d
e
s
)
*
I
n
t
e
r
s
m
o
o
t
h

3
6
5

H
i
g
h

p
e
r
f
o
r
m
a
n
c
e

T
B
T

f
r
e
e
,

r
o
s
i
n

f
r
e
e
,

s
e
l
f

p
o
l
i
s
h
i
n
g
D
a
r
k

B
r
o
w
n
4
0
1
3
5
5
.
3
1
E
c
o
l
o
f
l
e
x

S
P
C
c
o
p
o
l
y
m
e
r

a
n
t
i
f
o
u
l
i
n
g

s
p
e
c
i
f
i
c
a
l
l
y

d
e
s
i
g
n
e
d

f
o
r

I
n
t
e
r
s
m
o
o
t
h

3
6
5
c
o
a
s
t
a
l

v
e
s
s
e
l
s
D
a
r
k

R
e
d
4
0
1
3
5
5
.
3
1
E
c
o
l
o
f
l
e
x

S
P
C
2
7
0
1
0
.
6
2
*
I
n
t
e
r
s
m
o
o
t
h

4
6
5

E
c
o
l
o
f
l
e
x

S
P
C


3
6

m
o
n
t
h
s

<
9
0
0
0

s
e
a
m
i
l
e
s
/
m
o
n
t
h

(
V
e
r
t
i
c
a
l

S
i
d
e
s
)
*
I
n
t
e
r
s
m
o
o
t
h

4
6
5

H
i
g
h

p
e
r
f
o
r
m
a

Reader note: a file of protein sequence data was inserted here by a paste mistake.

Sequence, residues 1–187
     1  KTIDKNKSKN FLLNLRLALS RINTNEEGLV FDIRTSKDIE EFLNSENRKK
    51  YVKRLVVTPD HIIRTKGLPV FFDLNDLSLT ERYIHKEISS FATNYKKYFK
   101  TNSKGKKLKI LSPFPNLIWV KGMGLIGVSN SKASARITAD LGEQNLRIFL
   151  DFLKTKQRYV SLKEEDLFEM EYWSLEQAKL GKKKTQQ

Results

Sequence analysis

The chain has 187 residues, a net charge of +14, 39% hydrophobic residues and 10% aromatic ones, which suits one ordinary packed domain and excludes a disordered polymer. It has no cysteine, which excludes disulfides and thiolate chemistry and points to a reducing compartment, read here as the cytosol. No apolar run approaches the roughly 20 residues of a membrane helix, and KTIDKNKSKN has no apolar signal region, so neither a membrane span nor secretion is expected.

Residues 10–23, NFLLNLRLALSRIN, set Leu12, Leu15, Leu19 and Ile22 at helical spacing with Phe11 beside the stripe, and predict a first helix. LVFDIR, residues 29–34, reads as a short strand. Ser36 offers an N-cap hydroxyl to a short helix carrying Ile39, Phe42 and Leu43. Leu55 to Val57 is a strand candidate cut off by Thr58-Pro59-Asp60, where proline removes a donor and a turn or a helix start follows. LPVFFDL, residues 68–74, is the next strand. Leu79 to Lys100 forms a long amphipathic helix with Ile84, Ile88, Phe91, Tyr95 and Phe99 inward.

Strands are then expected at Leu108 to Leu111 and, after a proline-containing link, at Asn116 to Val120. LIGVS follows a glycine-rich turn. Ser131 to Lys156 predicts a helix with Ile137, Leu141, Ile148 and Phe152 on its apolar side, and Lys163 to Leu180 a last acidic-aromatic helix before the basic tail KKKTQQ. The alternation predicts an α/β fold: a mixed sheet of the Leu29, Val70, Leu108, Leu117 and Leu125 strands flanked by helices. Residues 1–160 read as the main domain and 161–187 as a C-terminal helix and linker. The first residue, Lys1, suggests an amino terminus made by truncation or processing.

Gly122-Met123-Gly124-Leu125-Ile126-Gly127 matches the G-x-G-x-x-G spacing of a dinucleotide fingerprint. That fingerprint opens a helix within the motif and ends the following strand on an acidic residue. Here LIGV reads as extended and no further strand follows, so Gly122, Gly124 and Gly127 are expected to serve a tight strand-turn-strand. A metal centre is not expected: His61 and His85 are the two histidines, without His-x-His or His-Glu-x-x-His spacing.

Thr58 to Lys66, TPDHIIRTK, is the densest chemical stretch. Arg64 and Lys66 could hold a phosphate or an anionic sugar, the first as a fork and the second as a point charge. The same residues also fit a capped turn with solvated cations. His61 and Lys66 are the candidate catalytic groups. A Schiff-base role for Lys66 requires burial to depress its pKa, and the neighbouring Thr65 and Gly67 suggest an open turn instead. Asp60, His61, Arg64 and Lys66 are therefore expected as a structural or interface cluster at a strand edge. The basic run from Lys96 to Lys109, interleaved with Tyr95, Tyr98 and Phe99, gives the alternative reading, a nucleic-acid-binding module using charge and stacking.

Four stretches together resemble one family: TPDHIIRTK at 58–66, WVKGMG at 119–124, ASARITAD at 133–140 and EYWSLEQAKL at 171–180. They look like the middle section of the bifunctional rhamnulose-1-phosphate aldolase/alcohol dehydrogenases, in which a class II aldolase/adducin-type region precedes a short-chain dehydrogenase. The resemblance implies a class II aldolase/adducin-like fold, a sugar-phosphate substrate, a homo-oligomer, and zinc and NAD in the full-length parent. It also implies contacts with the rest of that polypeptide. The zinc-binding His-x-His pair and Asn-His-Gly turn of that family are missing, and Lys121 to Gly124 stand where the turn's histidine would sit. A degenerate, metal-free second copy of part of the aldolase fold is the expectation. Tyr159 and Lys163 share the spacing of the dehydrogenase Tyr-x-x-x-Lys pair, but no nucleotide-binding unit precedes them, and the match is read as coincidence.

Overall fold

n
c
e

T
B
T

f
r
e
e
,

r
o
s
i
n

f
r
e
e
,

s
e
l
f

p
o
l
i
s
h
i
n
g
D
a
r
k

B
r
o
w
n
4
0
1
2
0
4
.
7
2
E
c
o
l
o
f
l
e
x

S
P
C
c
o
p
o
l
y
m
e
r

a
n
t
i
f
o
u
l
i
n
g

s
p
e
c
i
f
i
c
a
l
l
y

d
e
s
i
g
n
e
d

f
o
r

I
n
t
e
r
s
m
o
o
t
h

4
6
5
d
e
e
p

s
e
a

v
e
s
s
e
l
s
D
a
r
k

R
e
d
4
0
1
2
0
4
.
7
2
E
c
o
l
o
f
l
e
x

S
P
C
2
4
0
9
.
4
4
*
I
n
t
e
r
s
l
e
e
k

7
0
0

S
y
s
t
e
m


6
0

m
o
n
t
h
s

(
a
p
p
l
i
c
a
t
i
o
n

p
r
i
o
r

t
o

l
a
u
n
c
h


c
o
n
s
u
l
t

I
n
t
e
r
n
a
t
i
o
n
a
l

f
o
r

d
e
t
a
i
l
e
d

w
o
r
k
i
n
g

p
r
o
c
e
d
u
r
e
s
)
*
*
I
n
t
e
r
s
h
i
e
l
d

3
0
0
L
i
g
h
t

c
o
l
o
u
r
e
d
,

a
b
r
a
s
i
o
n

r
e
s
i
s
t
a
n
t

a
l
u
m
i
n
i
u
m

p
u
r
e

e
p
o
x
y

B
r
o
n
z
e
6
0
1
2
5
4
.
9
2
*
*
I
n
t
e
r
s
h
i
e
l
d

3
0
0
o
f
f
e
r
i
n
g

e
x
c
e
l
l
e
n
t

l
o
n
g

t
e
r
m

c
o
r
r
o
s
i
o
n

p
r
o
t
e
c
t
i
o
n
A
l
u
m
i
n
i
u
m
6
0
1
2
5
4
.
9
2
I
n
t
e
r
s
h
i
e
l
d

7
3
7
S
i
l
i
c
o
n
e

e
l
a
s
t
o
m
e
r

f
o
u
l

r
e
l
e
a
s
e

s
y
s
t
e
m
L
i
g
h
t

G